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Thursday, February 21, 2008
Israeli Nukes - The Great Unmentionable
The story of how Britain went to war in Iraq remains the biggest political controversy of the Blair/Brown era. New pieces of the puzzle continue to come to light, causing fresh, if diminishing, embarrassment to those involved, as well as revealing hidden little 'extras' along the way. The Security Files is a bit late pushing this one out but if you're not familiar with it, it's worth a quick read. 

One of the British Government's key pieces of evidence against Saddam Hussein was a weapons dossier presented in September 2002. It contained the now infamous claim that the Iraqi leader needed just 45 minutes to launch an attack using weapons of mass destruction. The Government said the dossier was based on the collective assessment of the intelligence agencies.

This week saw the publication of the first draft of that dossier. Though it did not contain the 45-minute claim, it does bear a close resemblance to the final version. It was written by the then chief information officer at the Foreign Office, John Williams, leading to renewed claims that the case for war was based more on the work of spin doctors than of spooks.

The first draft was released complete with hand-written comments in the margin. These were made by an unnamed FCO official. The Guardian newspaper on Thursday reported that one of those comments, a one-word comment in fact, had been removed from the published draft. That word was "Israel" and it was a query to the assertion that "no other country [apart from Iraq] has flouted the United Nations' authority so brazenly in pursuit of weapons of mass destruction."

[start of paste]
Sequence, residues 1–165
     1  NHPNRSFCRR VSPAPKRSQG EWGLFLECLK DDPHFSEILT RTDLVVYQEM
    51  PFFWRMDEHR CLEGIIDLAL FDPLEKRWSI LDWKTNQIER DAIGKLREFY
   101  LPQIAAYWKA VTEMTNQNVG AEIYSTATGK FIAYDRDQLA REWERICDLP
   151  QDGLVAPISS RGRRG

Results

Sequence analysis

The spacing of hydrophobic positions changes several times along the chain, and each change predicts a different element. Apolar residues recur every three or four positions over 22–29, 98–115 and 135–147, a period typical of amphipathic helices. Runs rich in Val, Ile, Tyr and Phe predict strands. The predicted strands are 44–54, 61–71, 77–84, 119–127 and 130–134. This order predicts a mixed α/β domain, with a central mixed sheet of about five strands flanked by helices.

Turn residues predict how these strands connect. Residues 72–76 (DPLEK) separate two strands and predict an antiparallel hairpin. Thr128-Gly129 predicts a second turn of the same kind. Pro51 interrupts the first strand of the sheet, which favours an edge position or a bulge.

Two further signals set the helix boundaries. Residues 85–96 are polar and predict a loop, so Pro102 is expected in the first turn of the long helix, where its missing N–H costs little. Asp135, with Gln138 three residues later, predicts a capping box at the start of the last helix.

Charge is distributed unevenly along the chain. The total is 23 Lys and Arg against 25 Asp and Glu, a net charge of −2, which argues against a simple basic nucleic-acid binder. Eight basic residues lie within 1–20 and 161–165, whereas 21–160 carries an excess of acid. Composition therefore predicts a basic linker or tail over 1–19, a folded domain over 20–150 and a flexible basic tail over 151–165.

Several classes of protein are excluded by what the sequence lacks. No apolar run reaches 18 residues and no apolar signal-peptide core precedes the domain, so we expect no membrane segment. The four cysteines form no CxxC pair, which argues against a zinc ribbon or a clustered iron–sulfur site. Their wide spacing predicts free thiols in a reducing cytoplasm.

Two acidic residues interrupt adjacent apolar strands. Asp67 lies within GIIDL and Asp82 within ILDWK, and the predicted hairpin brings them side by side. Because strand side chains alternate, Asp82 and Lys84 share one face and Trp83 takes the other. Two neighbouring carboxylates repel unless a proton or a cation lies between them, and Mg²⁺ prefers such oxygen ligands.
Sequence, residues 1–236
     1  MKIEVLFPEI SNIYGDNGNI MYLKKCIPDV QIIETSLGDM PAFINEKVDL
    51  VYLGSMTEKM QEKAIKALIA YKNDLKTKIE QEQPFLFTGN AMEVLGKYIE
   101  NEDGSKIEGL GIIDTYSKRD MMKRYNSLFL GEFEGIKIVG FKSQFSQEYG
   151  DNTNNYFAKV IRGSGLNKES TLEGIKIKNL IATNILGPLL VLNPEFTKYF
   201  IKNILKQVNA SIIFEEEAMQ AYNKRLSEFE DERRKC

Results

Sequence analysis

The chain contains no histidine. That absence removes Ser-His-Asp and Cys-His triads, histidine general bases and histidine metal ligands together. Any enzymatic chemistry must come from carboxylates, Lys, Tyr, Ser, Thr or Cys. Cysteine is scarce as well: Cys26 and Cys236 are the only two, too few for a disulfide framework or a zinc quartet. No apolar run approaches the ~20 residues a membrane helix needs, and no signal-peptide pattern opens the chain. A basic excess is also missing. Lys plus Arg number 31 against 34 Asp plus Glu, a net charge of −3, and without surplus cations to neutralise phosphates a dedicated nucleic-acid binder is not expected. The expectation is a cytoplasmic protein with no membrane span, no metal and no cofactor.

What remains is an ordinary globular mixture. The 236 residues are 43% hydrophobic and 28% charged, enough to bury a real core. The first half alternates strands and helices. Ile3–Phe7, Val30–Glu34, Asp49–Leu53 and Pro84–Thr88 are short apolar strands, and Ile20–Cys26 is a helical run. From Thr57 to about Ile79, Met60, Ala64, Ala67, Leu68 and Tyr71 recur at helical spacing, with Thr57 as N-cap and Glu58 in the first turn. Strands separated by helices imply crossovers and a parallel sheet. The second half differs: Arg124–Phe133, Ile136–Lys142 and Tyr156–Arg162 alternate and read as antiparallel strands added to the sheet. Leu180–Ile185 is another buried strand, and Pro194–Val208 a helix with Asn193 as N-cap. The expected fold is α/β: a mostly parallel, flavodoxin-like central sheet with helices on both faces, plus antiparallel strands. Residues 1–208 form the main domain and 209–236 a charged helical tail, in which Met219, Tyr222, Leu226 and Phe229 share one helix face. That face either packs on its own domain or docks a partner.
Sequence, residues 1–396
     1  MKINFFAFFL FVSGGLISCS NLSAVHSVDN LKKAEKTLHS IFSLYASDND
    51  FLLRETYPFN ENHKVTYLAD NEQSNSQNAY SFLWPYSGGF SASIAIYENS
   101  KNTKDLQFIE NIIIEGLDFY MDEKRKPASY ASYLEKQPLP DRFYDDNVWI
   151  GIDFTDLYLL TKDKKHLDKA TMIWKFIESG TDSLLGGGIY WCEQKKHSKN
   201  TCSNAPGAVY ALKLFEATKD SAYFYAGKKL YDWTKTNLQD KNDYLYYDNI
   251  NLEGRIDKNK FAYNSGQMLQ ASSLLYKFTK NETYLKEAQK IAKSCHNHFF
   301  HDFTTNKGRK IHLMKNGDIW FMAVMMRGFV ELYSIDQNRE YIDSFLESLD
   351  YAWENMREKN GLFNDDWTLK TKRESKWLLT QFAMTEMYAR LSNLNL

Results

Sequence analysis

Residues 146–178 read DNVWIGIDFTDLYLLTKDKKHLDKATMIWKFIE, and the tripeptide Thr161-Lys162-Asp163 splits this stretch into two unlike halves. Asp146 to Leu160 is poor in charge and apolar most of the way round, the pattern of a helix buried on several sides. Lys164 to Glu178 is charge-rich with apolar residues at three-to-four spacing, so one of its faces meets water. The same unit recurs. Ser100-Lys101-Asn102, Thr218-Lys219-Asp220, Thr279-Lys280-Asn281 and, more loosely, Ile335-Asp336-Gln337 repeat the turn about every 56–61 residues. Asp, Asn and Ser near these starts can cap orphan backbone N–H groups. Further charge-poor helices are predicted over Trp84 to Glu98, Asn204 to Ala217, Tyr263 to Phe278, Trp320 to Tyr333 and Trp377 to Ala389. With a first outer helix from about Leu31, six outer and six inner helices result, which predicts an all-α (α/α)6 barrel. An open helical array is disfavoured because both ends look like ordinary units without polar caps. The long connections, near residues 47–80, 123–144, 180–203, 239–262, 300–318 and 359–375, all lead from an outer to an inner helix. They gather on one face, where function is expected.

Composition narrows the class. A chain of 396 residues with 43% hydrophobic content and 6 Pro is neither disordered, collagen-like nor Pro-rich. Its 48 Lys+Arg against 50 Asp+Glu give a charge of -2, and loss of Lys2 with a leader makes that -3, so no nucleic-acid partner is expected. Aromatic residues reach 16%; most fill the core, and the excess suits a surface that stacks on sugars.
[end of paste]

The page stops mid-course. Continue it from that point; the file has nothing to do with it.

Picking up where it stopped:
Upsetting Israel by mentioning its nuclear weapons programme, or (implicitly) comparing it, on a single issue, to Saddam Hussein's Iraq, clearly remains a taboo subject for the Foreign Office. No matter that it's twenty years since the Sunday Times first published its scoop on Israeli nukes, or even that it's over a year since Ehud Olmert's Freudian slip on German TV, when he appeared to admit Israel's nuclear capability,  the relationship is just too sensitive to withstand comment by flippant Brit officials.

Fortunately, the UK either cares less about, or is perhaps more confident in, its relationship with two other of its allies. Against the claim that "no other country [apart from Iraq] has twice launched wars of aggression against neighbours" is written "Germany?" and "US: Cuba, Guatemala, Mexico." These comments were not withheld from publication.  
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